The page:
Conifers are among the most beautiful and versatile of all landscape plants, offering year-round variety of color, form, and texture. They remain underutilized in the South, in part because of the common misconception that they are not adaptable to the climate. Laying such claims to rest, this book introduces readers to conifers that grow successfully in southern landscapes.
Gardeners in the South traditionally have relied on the mass of spectacular spring blooms as the mainstay of their landscapes. However, with the addition of conifers or cultivars of the genus ginkgo, homeowners can enjoy twelve months of low maintenance color. Tom Cox and John Ruter present a variety of conifers that grow from Virginia to Florida to Texas. They provide tips on growing, pruning, preventing disease and pest problems, and on proper selection and cultivation requirements–all unique to the Southeast.
In short, this guide includes essential information about what to buy, where to plant it, and how to maintain it. It also offers advice on what to expect from mature conifers and ginkgo while suggesting genera and species that have proved adaptable and cultivars that have performed well in the southeastern United States. Landscaping with Conifers and Ginkgo for the Southeast is a compilation of years of research and horticulture experience that will aid anyone, whether novice or professional, in creating beautiful year-round landscapes.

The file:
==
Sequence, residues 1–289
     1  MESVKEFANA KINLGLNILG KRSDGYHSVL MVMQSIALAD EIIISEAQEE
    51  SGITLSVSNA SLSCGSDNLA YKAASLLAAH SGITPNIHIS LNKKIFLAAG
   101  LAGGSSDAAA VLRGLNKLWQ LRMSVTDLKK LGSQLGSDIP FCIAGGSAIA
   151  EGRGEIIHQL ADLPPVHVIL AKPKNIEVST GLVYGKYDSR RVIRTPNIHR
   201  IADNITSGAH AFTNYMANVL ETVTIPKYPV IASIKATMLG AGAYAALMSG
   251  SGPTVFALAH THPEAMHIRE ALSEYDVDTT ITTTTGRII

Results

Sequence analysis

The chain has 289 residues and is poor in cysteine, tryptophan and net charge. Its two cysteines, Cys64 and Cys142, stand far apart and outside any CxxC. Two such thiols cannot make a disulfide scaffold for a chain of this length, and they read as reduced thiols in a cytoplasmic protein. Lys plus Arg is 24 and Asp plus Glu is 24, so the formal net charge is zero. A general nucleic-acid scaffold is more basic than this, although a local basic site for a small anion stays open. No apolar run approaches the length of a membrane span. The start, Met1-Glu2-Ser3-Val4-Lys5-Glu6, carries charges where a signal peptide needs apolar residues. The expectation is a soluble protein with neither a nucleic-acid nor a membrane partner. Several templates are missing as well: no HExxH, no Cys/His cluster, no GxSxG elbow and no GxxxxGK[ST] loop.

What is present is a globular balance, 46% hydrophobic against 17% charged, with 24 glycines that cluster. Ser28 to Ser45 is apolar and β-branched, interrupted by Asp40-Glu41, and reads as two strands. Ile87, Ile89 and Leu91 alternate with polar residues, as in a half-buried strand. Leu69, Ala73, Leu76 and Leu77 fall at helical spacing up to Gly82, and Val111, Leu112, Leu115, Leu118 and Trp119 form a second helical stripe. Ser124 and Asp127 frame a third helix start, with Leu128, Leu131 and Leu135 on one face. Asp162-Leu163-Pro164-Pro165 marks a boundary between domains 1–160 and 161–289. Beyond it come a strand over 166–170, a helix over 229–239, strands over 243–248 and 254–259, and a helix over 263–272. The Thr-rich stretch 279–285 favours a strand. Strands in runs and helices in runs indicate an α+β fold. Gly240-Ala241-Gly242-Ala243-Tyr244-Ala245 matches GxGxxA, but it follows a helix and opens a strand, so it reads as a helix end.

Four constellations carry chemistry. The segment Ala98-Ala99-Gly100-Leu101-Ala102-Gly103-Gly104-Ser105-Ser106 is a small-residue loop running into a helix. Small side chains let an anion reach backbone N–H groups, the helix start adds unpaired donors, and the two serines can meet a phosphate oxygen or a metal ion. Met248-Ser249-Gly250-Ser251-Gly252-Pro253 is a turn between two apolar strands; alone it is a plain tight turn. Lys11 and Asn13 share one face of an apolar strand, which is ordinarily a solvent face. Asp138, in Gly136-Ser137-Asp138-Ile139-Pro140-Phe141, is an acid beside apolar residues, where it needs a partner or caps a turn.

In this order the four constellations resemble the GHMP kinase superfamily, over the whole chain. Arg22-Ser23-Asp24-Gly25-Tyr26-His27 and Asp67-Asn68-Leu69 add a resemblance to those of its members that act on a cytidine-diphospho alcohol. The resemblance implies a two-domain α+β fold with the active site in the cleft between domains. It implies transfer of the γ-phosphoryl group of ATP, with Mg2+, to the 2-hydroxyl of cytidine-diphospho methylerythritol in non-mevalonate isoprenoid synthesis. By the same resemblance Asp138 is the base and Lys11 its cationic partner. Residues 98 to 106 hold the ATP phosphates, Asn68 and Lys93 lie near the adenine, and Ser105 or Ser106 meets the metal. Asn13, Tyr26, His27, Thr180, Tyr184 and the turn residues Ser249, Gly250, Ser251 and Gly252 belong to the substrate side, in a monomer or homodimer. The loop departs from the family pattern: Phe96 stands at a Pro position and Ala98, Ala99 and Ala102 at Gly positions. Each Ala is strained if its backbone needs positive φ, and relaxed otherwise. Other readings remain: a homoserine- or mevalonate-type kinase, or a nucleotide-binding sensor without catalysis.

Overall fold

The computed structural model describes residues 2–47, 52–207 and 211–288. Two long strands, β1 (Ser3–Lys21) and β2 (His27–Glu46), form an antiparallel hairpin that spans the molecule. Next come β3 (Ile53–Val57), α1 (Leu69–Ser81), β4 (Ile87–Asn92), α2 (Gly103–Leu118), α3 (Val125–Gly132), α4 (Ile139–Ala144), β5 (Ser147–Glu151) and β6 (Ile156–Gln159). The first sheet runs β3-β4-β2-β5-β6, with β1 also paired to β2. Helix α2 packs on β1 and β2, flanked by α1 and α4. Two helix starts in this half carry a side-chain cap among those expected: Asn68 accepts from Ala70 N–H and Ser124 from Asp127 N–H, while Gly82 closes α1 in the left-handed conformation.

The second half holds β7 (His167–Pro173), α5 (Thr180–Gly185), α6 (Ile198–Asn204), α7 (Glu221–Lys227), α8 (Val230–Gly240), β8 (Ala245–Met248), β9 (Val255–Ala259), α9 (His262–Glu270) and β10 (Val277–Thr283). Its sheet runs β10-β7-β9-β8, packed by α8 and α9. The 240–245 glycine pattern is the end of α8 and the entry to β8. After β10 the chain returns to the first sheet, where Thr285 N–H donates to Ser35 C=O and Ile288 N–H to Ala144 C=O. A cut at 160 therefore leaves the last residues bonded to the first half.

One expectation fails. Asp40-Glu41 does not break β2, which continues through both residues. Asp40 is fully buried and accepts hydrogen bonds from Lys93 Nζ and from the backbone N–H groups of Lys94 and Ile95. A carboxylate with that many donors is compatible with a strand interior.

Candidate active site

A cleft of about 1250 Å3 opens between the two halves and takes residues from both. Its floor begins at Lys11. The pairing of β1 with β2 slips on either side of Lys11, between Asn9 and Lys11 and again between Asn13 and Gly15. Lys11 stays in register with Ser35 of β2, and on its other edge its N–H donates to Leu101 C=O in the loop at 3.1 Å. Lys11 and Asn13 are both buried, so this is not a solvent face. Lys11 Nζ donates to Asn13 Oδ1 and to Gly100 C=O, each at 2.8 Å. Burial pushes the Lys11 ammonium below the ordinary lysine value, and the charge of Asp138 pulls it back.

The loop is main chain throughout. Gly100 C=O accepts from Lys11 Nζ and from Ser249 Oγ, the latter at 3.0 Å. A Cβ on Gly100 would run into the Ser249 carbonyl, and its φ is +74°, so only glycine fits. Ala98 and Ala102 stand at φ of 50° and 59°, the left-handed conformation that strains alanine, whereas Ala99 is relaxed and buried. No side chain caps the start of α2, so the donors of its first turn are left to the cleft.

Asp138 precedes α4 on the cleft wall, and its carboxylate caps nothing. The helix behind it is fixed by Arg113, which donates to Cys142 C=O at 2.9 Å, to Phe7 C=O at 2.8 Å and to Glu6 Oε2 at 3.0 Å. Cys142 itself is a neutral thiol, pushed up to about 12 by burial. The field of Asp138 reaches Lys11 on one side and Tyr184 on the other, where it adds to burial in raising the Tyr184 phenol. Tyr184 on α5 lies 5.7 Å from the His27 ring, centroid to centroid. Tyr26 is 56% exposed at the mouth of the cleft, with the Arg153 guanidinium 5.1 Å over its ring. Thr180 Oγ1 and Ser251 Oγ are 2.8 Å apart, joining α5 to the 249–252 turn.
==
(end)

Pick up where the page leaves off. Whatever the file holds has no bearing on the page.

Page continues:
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“Landscape selection of conifers and their cultivars for the Southeastern U.S. is now made easier. This is a guide every conifer-seeking gardener and landscaper in the region will want to consult. “–Ronald W. Lance, author of Woody Plants of the Southeastern United States: A Winter Guide
“Bravo! We finally have a reference suitable for conifer enthusiasts in the southern United States that explores not just the common conifers found in nurseries and landscapes but also introduces a plethora of species and varieties rarely encountered in the South and deserving greater use. “–Dave Creech, Director, Stephen F. Austin Gardens